"I can’t wait to get my driver’s license and then my own car" has been replaced by "I can’t wait to get my own phone."
Back in the day it was the dream of nearly every 15 and 16-year-old. A driver’s license meant you were somebody. The piece of plastic meant you had passed driver’s education classes, the written exam at the local department of motor vehicles, and the dreaded behind the wheel test. The card was so much more than an ID. The card provided opportunities for freedom and privacy.
Never again would you have to bum a ride. With you behind the wheel, the music on the radio was your decision alone. The mall, your friend’s pool, your girlfriend’s house, hanging out in the park and more were all a turn of the key away. Your car was your world. The absolute worst thing your parents could take away from you was to ground you from your car. Stuck at home. No friends. No liberty. No privacy.
This is 2018 and getting a driver’s license is still a big deal, but I suspect if you were to ask a teen to make a choice between losing driving privileges and losing his cell phone, he’d sooner walk uphill both ways than lose the privacy and freedom that comes with having his own phone. With his phone he has the privacy and liberty previous generations had with their cars. On his phone he can go to the mall, hang out with friends, text his girlfriend, and spend hours doing what he wants with whomever he wants. And because he’s good with tech, no one has to know any of the details. All the privacy and all the liberty with minimal hassles.
It used to be parents and older teens battled over the car. They still may, but any parent who’s crossed swords with her teen over the use of a cell phone will tell you about a battle described as Armageddon.
Researcher Eric Geiger writes, “While there is not yet an agreed upon official name for the generation after the millenials, and dates vary a bit among researchers, iGeneration is the name Jean Twenge assigns to those born in 1995 through 14-17 years post-1995 (the year the Internet was born to the world). So in 2018, those in iGeneration are 6 to 23 years old.” I’m suggesting this is the generation for whom their cellphone is the most important possession. And that’s a problem.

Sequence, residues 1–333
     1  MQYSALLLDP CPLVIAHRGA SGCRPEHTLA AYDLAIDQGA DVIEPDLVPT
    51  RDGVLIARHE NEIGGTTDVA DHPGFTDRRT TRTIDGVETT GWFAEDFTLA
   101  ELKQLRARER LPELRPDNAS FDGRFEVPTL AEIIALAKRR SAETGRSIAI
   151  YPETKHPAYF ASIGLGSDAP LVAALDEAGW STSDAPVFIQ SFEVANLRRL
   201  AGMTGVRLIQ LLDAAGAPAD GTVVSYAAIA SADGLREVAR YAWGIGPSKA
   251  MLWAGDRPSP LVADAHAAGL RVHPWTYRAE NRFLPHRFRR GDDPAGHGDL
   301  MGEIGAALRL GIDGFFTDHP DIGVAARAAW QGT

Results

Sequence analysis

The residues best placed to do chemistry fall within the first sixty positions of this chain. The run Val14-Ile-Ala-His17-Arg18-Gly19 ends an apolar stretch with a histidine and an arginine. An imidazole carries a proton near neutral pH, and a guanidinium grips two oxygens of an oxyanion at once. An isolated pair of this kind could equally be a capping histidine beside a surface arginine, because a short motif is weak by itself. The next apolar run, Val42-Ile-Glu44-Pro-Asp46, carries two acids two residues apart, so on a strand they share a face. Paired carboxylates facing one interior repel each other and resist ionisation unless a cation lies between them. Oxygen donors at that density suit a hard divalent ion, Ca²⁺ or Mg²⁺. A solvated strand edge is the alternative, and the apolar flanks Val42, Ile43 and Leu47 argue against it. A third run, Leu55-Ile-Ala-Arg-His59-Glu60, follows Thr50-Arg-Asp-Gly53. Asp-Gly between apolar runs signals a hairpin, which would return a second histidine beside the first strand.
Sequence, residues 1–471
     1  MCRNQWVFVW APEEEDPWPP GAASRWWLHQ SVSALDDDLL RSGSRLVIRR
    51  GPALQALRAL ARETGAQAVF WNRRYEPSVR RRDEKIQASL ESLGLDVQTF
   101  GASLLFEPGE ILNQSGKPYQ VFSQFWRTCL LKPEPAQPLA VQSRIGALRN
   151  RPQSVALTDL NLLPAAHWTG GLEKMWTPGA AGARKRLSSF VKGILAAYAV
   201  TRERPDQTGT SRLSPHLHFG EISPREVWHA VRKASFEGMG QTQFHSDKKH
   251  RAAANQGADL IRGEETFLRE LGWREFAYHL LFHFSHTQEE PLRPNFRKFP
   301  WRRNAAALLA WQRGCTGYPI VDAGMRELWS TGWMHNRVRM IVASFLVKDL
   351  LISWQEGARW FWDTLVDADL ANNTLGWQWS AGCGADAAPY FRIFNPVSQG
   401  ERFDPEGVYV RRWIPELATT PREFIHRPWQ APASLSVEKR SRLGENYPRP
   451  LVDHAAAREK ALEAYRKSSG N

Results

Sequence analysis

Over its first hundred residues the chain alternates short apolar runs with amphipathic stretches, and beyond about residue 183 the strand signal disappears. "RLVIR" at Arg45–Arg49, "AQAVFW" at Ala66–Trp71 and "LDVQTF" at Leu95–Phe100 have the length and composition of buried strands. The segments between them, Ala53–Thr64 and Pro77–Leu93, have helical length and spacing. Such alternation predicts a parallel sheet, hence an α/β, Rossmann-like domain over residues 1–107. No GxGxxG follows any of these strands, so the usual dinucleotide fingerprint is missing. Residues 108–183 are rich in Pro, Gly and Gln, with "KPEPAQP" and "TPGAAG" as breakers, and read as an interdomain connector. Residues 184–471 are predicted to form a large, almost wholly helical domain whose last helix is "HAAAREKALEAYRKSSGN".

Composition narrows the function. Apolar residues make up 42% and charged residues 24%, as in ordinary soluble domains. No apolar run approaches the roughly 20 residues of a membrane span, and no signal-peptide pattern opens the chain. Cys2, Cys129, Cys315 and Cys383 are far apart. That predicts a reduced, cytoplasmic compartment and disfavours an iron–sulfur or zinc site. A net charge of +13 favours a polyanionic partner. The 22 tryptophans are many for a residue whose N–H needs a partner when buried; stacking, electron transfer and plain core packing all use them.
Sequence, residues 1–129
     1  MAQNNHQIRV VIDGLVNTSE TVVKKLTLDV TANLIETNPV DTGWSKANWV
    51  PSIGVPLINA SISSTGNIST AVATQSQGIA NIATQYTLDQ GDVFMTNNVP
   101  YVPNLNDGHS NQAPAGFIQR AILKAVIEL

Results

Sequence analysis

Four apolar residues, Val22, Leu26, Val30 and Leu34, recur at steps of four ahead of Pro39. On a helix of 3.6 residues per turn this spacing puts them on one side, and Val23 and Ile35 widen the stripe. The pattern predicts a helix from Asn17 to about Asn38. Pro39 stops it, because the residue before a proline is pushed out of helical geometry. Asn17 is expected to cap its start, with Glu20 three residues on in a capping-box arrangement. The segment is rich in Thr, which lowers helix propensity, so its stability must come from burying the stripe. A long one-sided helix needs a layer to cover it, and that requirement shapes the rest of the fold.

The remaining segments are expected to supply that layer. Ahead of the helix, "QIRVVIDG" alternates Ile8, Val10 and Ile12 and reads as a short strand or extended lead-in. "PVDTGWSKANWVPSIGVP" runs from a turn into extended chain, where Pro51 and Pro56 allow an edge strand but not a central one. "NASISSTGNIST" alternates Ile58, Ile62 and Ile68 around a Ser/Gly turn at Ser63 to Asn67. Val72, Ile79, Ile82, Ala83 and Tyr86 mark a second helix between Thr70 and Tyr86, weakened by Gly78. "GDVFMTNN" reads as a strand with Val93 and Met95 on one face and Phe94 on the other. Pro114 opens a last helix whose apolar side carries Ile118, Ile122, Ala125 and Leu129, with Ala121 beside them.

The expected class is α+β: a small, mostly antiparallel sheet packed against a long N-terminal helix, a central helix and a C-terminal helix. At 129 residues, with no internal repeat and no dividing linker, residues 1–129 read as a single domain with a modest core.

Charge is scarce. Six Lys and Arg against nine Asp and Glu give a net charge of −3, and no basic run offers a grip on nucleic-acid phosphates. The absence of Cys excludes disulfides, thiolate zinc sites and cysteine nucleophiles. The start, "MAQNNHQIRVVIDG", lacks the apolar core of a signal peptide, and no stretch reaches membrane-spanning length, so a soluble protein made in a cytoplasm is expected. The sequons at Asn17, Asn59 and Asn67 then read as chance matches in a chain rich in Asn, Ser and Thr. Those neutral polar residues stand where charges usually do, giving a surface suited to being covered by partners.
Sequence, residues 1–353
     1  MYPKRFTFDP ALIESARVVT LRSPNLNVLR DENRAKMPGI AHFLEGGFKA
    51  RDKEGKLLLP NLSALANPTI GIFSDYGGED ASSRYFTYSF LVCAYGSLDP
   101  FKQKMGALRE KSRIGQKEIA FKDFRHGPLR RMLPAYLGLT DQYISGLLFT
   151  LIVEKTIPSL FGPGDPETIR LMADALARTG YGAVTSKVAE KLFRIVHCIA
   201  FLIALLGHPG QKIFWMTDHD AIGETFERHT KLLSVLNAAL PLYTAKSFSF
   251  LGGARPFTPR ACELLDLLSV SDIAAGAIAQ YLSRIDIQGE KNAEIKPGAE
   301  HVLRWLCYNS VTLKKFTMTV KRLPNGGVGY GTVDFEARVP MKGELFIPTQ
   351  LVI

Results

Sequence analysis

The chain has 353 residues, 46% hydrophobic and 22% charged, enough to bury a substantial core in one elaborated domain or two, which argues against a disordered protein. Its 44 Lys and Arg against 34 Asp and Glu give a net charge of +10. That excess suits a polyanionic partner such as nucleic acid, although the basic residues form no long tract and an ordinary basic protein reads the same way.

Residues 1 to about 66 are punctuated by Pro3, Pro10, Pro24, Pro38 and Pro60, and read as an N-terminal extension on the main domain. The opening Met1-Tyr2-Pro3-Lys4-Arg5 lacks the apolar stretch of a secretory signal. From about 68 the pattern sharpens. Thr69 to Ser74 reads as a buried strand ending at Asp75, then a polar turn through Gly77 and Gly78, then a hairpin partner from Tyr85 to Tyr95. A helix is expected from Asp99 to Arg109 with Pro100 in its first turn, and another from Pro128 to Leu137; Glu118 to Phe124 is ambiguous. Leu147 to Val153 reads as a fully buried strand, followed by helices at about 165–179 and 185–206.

Before children secure their driver’s licenses, we require them to sit in a classroom weeks on end, practice a predetermined number of hours in a moving vehicle, wait for many months after getting a learner’s permit before driving solo, and then pass both a written and driving test before we give them the privilege to drive a car. Once a kid gets his license, he’s met with all kinds of restrictions. The law limits the number of people he can transport as a new driver, and the law limits the time of day he can drive. Parents may put additional restrictions on a young driver. All these moves make sense. It is a huge responsibility to drive a car.
And it’s a huge responsibility to give a child a smart phone. But what training do children receive before their hands grasp their first phone? What preventions do the mature put in place to protect the immature from dangers they cannot imagine? How do those who supply the phone and the data usage insure that they are not bringing a handheld idol into their children’s bedrooms, a god their children will defend with their last breath?
Look, the smartphone isn’t going away. It’s become a part of who we are as human beings. Like everything else that is not the Trinity, a smartphone is a great servant but a brutal master.
I’ll pick it up here next week and offer some suggestions for training and managing smartphone use in our families.
As always I welcome your feedback and any ideas you might have for an upcoming Lunchtime Musing.